Undercurrent, though – I did not have the title for a long time – represents this stage of my life. I had gone through the transition of moving from my house in the hills to my house on the Hudson River. Akeda is the story of Abraham up on the mountain. Undercurrent is about water and reflection. I feel a deep connection between these two records.
After Spark Seeker, there came a profound transition in my life: a revelatory experience that was triggered by all the dynamics between my divorce, my religion, my career, my music, my family, my everything. I equate that breakthrough in my mind with the climactic moment in Abraham’s life, when he goes to sacrifice his son on the mountain, which is the Akeda.
Then the next stage after the Akeda, which is in direct correlation to it, is Abraham’s walk down the mountain, back to life after his break-through moment. Which leads me to now.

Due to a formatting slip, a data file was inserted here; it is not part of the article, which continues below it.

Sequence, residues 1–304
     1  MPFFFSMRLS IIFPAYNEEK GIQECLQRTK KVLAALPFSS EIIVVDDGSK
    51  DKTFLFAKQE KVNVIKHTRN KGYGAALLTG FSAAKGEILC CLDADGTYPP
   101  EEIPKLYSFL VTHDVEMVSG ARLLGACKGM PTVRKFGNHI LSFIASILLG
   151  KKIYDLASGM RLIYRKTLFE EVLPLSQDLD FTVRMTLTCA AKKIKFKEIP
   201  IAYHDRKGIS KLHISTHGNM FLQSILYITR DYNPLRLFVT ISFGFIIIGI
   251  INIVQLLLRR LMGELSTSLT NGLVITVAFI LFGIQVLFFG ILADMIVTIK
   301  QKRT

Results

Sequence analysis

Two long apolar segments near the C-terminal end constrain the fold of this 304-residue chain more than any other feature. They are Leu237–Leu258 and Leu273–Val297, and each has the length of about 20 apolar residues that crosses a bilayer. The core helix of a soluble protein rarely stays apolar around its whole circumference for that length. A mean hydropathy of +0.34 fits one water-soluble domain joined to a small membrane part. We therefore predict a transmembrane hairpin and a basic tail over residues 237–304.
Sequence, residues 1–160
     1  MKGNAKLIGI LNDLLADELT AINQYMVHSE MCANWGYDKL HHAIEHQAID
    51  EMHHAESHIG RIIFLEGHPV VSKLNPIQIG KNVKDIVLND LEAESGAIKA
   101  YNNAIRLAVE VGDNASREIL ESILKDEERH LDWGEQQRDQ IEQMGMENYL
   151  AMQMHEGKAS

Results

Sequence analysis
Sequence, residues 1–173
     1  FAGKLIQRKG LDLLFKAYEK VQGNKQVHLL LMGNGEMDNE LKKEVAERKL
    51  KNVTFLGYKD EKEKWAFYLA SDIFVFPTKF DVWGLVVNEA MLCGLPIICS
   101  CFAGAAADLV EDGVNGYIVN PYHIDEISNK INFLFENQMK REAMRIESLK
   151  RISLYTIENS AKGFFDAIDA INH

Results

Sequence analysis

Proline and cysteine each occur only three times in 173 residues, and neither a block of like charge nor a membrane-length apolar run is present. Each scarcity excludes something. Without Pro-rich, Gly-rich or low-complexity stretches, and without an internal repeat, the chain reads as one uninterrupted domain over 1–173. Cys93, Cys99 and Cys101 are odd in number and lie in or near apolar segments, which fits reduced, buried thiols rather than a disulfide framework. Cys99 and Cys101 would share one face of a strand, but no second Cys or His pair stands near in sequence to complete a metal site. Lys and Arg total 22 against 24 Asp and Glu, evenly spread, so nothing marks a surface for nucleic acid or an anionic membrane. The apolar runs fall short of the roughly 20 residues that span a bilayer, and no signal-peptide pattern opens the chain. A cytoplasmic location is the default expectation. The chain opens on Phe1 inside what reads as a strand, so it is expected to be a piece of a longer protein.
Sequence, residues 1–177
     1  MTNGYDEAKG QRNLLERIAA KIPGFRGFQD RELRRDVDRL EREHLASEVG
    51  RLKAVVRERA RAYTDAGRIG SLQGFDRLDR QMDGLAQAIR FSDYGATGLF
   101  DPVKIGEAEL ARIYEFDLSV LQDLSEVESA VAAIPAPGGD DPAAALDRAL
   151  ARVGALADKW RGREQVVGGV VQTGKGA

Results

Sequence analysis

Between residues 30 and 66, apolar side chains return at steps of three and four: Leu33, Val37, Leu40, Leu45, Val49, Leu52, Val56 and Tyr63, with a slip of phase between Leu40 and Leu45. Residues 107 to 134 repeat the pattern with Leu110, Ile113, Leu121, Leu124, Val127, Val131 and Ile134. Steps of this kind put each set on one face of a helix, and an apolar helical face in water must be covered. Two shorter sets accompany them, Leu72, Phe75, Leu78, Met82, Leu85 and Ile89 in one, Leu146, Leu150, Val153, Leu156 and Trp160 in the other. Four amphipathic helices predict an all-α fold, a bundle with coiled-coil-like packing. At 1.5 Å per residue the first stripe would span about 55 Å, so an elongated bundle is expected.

And the opening song, “Step Out Into The Light,” sort of starts where Akeda ended.
Yes, exactly. It’s all about reaching, searching, moving all your life, trying to step out into the light of this spiritual quest, and the momentum that you gain as it is all leading to this climactic moment.
Then comes “Back to the Old,” which is about a theme you’ve returned to a lot through your albums, a reconnection with your roots, and the knowledge you never are truly disconnected from them.